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LANTANA BLOG

By Sean P. McIlvenna - 04/09/2018

Extreme Vacation

 

Lantana provides a unique benefit to its employees: after seven years of employment, an employee can take a two-month paid vacation—the “sabbatical.” I’ve now been working for the company for over seven years (over eight if you include my contracting time), and I recently finished my sabbatical, and it was amazing! Here are my thoughts on what it was like—from planning the time off, to taking the time off, and returning to work.

 

Planning the time off was a challenge. Finding a two-month window that would not adversely impact my co-workers and projects was more difficult than expected. We juggled several different date ranges. Some were not ideal for personal reasons, and some were not ideal for the company; we had determined that the company retreat would fall right in the middle of my sabbatical and it is important to both the company and myself that I attend the retreat. Once we established dates, the next challenge was to plan how to use the time. My family is not very good at planning vacations in the first place, but to plan for two months was a little anxiety-inducing. I wanted to plan a vacation excursion that was unique for my family. My wife and I decided to ask our daughter where she would like to go. Her response was, “Florida!” Since she’s fancied Florida for college for quite a while, we decided to go with her suggestion. After all, she’s 17 and we felt lucky she still wanted to travel with us.

Trying to balance a “good experience” and a “financially conscious” experience, I spent more than a month hunting for good deals on an Airbnb house, plane tickets, transportation, and activities to enjoy for a little over three weeks. We settled on spending over two weeks in Orlando and finishing off with a relaxing week-long cruise to the Caribbean, stopping at Haiti and Jamaica. I decided that in the future, for a large vacation like this, I will likely use a travel expert; there is quite a bit of juggling in purchasing the many travel-related items (lodging, transportation, cruises, activities, etc.) and ensuring the dates all line-up. The week before the start of my sabbatical, I spent a great deal of time writing down work-related thoughts and suggestions and stashing them somewhere my colleagues would be able to easily find. I was amazed at how much information I store only in my head and made a mental note that I should try to do a better of a job documenting my work as I do it. My vacation started with a week of reading, cleaning house, and packing.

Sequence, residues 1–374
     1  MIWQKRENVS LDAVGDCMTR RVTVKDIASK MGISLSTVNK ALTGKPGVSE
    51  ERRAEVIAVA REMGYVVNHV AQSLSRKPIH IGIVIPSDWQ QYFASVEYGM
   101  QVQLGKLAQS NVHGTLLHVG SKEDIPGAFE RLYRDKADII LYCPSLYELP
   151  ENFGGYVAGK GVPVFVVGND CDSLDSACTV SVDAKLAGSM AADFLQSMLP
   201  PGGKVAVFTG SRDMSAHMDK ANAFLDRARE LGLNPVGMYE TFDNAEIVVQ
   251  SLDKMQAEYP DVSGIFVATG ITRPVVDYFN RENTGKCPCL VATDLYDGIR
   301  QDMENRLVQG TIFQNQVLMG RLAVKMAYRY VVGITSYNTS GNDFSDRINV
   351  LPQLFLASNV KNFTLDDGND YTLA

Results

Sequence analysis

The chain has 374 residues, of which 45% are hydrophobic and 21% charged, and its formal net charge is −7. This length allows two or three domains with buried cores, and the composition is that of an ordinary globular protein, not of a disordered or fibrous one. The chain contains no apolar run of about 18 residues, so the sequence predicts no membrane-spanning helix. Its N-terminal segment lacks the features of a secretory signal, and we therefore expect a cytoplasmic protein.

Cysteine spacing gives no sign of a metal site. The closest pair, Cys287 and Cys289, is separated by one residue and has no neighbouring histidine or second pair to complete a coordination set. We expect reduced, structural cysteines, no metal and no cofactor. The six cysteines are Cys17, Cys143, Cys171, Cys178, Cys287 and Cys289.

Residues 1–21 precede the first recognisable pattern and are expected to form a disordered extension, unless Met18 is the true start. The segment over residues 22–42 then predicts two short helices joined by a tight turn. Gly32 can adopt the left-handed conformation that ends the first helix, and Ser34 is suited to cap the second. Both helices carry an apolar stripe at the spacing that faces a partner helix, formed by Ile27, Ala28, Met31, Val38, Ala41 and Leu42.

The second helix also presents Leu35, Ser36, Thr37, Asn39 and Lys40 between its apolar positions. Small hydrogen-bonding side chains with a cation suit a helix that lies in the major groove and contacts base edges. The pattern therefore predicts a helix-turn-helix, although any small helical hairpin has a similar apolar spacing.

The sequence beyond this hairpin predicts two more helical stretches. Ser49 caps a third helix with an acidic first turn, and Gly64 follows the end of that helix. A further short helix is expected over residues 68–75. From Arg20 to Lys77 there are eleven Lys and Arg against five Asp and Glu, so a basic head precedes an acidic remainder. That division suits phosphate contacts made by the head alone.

We left for Orlando the second week and had an amazing experience! The three of us are already close to each other, but this trip brought us even closer, and I’d like to think this will continue beyond those few vacation weeks. We were out and about for all but three days while in Orlando, checking out the many available activities. This was a dramatic difference from our usual homebody lifestyle. When we get back home, I think we will have to find a middle ground between doing very little and doing a whole lot. We enjoyed all the things we did, it was also quite exhausting. Here are some of our favorites:

  • Universal Studios and Harry Potter World
  • Kennedy Space Center
  • Sleuth’s Mystery Dinner and Show
  • Orlando Eye
  • Alligator Land
  • iFly indoor sky-diving
  • WonderWorks
  • Ripley’s Believe-It-or-Not

The week prior to our cruise, I realized we’d never checked if our vaccinations were up-to-date! Panic set in… I called our doctor to find out if my wife and I needed to do anything, but were completely let down to learn there was nothing in our charts at all. Neither my wife nor I could remember the last time we’d been vaccinated for anything. Our daughter was good to go, but we weren’t. Our doctor’s office referred us to the CDC to find more information on recommended vaccinations for the countries we’d be visiting. So, I called the CDC. They recommended about four vaccinations for each of us. The next challenge was finding a place to get these vaccinations while out of state. We ended up at Walgreens. Although they had all the vaccinations we needed, insurance would cover only two, and it ended up costing us each about $400 out-of-pocket. Apparently, even our expensive insurance plan did not cover all vaccinations needed for a trip out of the country. Now that that nightmare was over, we felt a little more prepared.